Many have tried to understand the menace of terrorism. Some theories have gained much popularity. Arguably the most famous of such theories is the one presented by Sameul Huntington in an essay (subsequently a book) the ‘Clash of Civilisations’. Huntington famously, and indeed mistakingly, has prophesised that the war exists and will continue to exist given the inescapable tension between the muslim population and the world at large. While it makes for good headlines and juicy talk shows, the theory has been discarded by most serious thinkers. Jean Baudrillard too rejects Huntington’s claim.

Baudrillard, in his book titled ‘The Spirit of Terrorism’ presents an alternate understanding of why terrorist do what they do. Famous for his writings on post-structuralism, his critique on terrorism is not much different either. Carrying shades of Nietzsche’s ‘Death of god’ in his writeup, Baudrillard contests that the whole practice of terrorism has more to do with its symbolic impact than its more tangible ‘real’ impact.

Baudrillard explains that terrorism exists everywhere and in all forms where there is a domination. Hence every system with any form of domination has enemies in the form of those being dominated. The dominating system can be exploitative and hence naturally those being exploited would want to change or, radically so, cease its working. However, the potential ‘terrorist’ enemies do not stop there. The dominant system also faces danger by those forms of the system that, even though do enjoy some form of advantage from the dominant system, are not themselves dominant. Hence, there exists a perpetual tension to climb the ladder and win the title of the sole dominator. This tension, although uncomfortable on paper, brings about an equilibrium to the world systems. When either one falls short, the degree of exploitation increases and imbalances the systems.

Baudrillard moves forward to critiquing globalisation when trying to explain terrorism. He contests that the world is constantly being roped into believing a single mantra of how things work. The rules and regulations, the modus operendi and morals and ethics are all being enforced onto a perceived ‘global population’. This narrowing down to a singular entity, with a concentration on one single point makes the system even more vulnerable. This results in automatic reversion from the very versatile elements of the world. Baudrillard terms this reversion as ‘terrorist situational transfer’. He explains it as the radical, drastic and unperceivable measures taken by these elements when they find themselves victim to a dominant system that has cunningly taken all the cards to itself. Hence, the other elements are left with no other option than to look for other measures. To think outside the box; to be more drastic.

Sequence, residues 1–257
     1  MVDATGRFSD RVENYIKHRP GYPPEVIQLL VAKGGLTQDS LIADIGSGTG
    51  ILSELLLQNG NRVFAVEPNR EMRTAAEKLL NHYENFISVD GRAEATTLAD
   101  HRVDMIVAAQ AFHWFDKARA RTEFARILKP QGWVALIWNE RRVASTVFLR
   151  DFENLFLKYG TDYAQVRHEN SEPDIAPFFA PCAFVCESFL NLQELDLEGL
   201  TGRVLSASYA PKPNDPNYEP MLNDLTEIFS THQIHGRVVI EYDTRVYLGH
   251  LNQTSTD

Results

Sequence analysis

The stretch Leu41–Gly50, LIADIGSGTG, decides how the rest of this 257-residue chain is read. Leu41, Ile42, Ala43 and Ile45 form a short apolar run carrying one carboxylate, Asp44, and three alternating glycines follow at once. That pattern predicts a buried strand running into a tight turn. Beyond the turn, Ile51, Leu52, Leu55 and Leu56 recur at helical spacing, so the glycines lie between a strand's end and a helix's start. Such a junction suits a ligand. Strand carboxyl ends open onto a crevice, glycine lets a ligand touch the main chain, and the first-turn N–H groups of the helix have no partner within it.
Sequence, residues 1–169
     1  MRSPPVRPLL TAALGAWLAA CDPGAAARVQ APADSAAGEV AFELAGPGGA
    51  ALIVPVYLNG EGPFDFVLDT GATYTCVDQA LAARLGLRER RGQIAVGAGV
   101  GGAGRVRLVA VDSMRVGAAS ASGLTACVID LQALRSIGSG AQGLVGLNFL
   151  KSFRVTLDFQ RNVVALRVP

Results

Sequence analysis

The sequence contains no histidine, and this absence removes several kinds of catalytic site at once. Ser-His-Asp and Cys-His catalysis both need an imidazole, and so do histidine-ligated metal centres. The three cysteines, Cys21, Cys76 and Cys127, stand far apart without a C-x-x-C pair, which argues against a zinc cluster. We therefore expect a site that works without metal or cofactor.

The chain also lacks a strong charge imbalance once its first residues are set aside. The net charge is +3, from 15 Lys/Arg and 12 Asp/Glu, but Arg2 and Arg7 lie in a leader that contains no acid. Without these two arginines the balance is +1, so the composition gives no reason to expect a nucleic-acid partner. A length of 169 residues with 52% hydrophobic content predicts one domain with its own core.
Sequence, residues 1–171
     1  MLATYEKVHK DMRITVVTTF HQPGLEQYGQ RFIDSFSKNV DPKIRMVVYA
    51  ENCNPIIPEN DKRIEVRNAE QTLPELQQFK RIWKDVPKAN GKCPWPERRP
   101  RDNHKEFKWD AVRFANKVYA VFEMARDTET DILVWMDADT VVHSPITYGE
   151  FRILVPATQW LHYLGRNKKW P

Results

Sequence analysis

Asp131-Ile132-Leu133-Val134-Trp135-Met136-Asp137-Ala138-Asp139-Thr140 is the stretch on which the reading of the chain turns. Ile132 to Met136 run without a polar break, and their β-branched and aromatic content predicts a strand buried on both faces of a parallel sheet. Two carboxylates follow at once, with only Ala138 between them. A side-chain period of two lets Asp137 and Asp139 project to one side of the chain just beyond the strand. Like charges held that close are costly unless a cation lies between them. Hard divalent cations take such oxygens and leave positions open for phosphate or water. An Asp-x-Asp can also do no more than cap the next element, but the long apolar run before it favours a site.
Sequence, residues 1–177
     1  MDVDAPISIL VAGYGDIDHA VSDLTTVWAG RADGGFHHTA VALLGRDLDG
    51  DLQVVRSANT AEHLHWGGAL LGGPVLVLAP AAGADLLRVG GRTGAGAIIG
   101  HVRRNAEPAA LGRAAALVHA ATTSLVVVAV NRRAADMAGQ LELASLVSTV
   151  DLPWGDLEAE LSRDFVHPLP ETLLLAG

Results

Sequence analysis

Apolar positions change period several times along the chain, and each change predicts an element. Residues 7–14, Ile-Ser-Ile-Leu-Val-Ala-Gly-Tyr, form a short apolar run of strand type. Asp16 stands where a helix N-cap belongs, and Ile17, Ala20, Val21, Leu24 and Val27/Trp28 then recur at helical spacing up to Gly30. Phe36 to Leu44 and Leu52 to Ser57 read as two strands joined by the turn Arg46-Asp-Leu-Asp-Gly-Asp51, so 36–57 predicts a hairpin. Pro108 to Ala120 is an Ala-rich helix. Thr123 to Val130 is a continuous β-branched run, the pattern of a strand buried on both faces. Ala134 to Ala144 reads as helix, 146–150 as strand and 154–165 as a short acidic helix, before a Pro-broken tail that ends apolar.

He takes forward his thesis from this explanation. He sees the current globalisation trends towards neo-liberalism as the dominant system that is forcing itself onto the global population. This has happened, he explains, due to the fall of USSR, which had been keeping the monopolising at bay. However, now that we live in a bipolar world, the influence is inescapable. With such trends, come their reactionary forces. Baudrillard insists that Islam is not a reason or trait of this reaction. It is simply a face. There would have been other reactions, had Islam not taken upon itself to challenge the system. When and if it comes to power, it too will face its own reversion systems which will try equally hard to bring it down. Hence the struggle that the terrorist fights has little to do with the ideology he propagates. He is simply following a natural trend of how things work. Islam, in the world of today, is just an excuse.

Baudrillard while explaining why the terrorists are so strong at taking over the modern system post 9/11 points out a few traits that strengthen their ability: the terrorists, Baudrillard argues, have chosen death as their ultimate weapon. This in the time and age of humanism, makes them even more powerful. The system, Baudrillard relates, has forgotten how to deal with death for it has already eliminated it from its intricacies. Hence, the terrorist takes advance of this short fall at the hands of the system and exploits it. Secondly, the terrorist uses media to forward its agenda and by doing so, penetrates its influence deep into the modern systems of the current system. The fear and paranoia hence does more damage to the dominant system than the actual damage. Lastly, Baudrillard insists that all this leads to and is indeed lead by, the need to be symbolic in its actions. The terrorist actions thrives on the symbolism it can depict, be it in the form of imagery or fear. At the end of the day, it continues to dominate the discourse due to the symbolic dominance it mange to exhibit, one that the system has failed to curb. This leads to a different game, one dictated by the terrorists themselves. There are new rules and the system fails to play the game in this new environment.

Clearly, US has failed to play the game. The rules of the game have changed.

The author is a freelance writer based in Islamabad.